Catering Contract

A Catering Contract is a legally binding document that covers the arrangements between the catering company and its customer.

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There are many reasons why you may need a caterer. It could be for a one-time event you're planning, or it could be for an institution requiring catering services regularly.

In any event, you are well-advised to use a Catering Contract whenever you need to hire a caterer. This will ensure that both parties' rights are protected.

What Is a Catering Contract?

Beyond calling a catering service, you want certain assurances. Similarly, a caterer will want assurances that the client will pay. To avoid disputes and confusion, executing a Catering Contract is the way to go.

Both parties agree to honor the agreement when they enter into the contract. The deal would cover what's promised to both parties.

Other Names for Catering Contract

Depending on your state, a Catering Contract may also be known as:

  • Catering Agreement
  • Food Service Agreement
  • Catering Service Agreement

Who Needs a Catering Contract?

A Catering Contract is essential whenever you need to hire a caterer for an event. If you own a catering company, you will want to use this contract for all projects. For example, Catering Contracts are often used by schools that don't have their own cafeterias.

Why Use 360 Legal Forms for Your Catering Contract?

Customized for you, by you

Create your own documents by answering our easy-to-understand questionnaires to get exactly what you need out of your Catering Contract.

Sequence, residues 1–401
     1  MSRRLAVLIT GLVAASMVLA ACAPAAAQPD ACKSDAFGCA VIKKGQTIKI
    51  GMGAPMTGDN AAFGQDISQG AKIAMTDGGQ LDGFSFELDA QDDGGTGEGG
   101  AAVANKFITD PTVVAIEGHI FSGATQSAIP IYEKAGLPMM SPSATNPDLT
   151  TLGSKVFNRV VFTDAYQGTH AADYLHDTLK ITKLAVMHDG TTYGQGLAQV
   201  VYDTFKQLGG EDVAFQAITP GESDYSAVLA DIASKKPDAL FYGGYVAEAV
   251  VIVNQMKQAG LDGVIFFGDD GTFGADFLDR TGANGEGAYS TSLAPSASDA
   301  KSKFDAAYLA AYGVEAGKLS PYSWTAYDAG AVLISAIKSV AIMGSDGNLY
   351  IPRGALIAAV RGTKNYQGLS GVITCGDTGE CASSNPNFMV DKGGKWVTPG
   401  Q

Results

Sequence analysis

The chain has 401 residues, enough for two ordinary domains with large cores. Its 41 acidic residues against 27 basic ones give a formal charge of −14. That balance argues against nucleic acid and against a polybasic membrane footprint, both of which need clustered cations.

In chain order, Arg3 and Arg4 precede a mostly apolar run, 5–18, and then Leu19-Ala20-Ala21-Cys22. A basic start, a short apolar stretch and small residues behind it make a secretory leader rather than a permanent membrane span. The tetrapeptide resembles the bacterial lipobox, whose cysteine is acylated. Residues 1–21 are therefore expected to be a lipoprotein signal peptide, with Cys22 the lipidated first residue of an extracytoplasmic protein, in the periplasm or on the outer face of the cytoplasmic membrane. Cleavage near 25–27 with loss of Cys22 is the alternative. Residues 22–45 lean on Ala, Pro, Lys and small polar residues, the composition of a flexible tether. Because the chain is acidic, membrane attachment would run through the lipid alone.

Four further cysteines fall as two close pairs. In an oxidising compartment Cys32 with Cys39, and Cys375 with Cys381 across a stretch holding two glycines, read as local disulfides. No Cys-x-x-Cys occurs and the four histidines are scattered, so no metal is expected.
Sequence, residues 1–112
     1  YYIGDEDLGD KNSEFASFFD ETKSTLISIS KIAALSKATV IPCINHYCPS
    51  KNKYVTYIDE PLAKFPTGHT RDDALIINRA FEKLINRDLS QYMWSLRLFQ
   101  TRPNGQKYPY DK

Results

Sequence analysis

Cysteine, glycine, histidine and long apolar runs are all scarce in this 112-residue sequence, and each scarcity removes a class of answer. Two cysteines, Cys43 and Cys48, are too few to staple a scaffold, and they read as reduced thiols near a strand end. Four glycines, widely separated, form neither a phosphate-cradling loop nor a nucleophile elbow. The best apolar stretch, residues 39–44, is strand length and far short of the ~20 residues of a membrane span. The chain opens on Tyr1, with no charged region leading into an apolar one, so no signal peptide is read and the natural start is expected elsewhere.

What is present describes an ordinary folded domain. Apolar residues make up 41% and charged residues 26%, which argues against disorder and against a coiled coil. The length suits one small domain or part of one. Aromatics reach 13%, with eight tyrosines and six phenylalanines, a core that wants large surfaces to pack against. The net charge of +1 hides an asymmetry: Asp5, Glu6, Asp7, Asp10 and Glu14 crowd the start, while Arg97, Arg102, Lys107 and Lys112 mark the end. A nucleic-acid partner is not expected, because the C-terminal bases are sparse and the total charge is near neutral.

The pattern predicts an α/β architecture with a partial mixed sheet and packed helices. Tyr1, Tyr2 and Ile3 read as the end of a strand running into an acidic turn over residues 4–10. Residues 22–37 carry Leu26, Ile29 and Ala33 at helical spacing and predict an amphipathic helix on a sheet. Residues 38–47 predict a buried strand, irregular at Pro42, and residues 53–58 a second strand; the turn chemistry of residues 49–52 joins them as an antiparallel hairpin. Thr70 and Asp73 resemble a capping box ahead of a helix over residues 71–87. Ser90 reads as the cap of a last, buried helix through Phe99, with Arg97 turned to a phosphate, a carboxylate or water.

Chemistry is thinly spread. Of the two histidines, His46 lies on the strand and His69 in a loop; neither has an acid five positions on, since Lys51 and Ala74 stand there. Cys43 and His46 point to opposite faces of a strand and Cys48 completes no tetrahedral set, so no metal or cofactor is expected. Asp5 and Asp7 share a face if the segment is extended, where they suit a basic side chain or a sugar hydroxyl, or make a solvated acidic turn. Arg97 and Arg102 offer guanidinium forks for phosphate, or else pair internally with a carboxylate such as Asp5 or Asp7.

Specific to Your Jurisdiction

Laws vary by location. Each document on 360 Legal Forms is customized for your state.

Fast and easy

All you have to do is fill out a simple questionnaire, print, and sign. No printer? No worries. You and other parties can even sign online.

How to Create a Catering Contract with 360 Legal Forms

Having a Catering Contract template can be incredibly useful if you use this contract frequently and avoid any discrepancies.

Let 360 Legal Forms help with our extensive library of attorney-vetted legal forms. The process is fast and easy. All you have to do is fill out our easy-to-understand questionnaire. Once complete, simply download your form as a PDF or Word document from your secure online account.

What Information Will I Need to Create My Catering Contract?

To create your document, please provide:

  • Caterer Information: The legal name of the caterer, the current address, and other relevant info.
  • Client Information: The legal name and the address of the client.
  • Event Information: Specify the type, time, and location of the event.
  • Effective Date: Specify the date when the contract becomes effective.
  • Governing State: Specify the state's law governing the terms of the agreement.
  • Services: List all the services the caterer has agreed to provide, including whether it includes serving the food.
  • Insurance: Specify whether the caterer should have liability insurance.
  • Compensation: Include details regarding how the client will pay the caterer.
  • Signatures: Both parties should sign the document.

Catering Contract Terms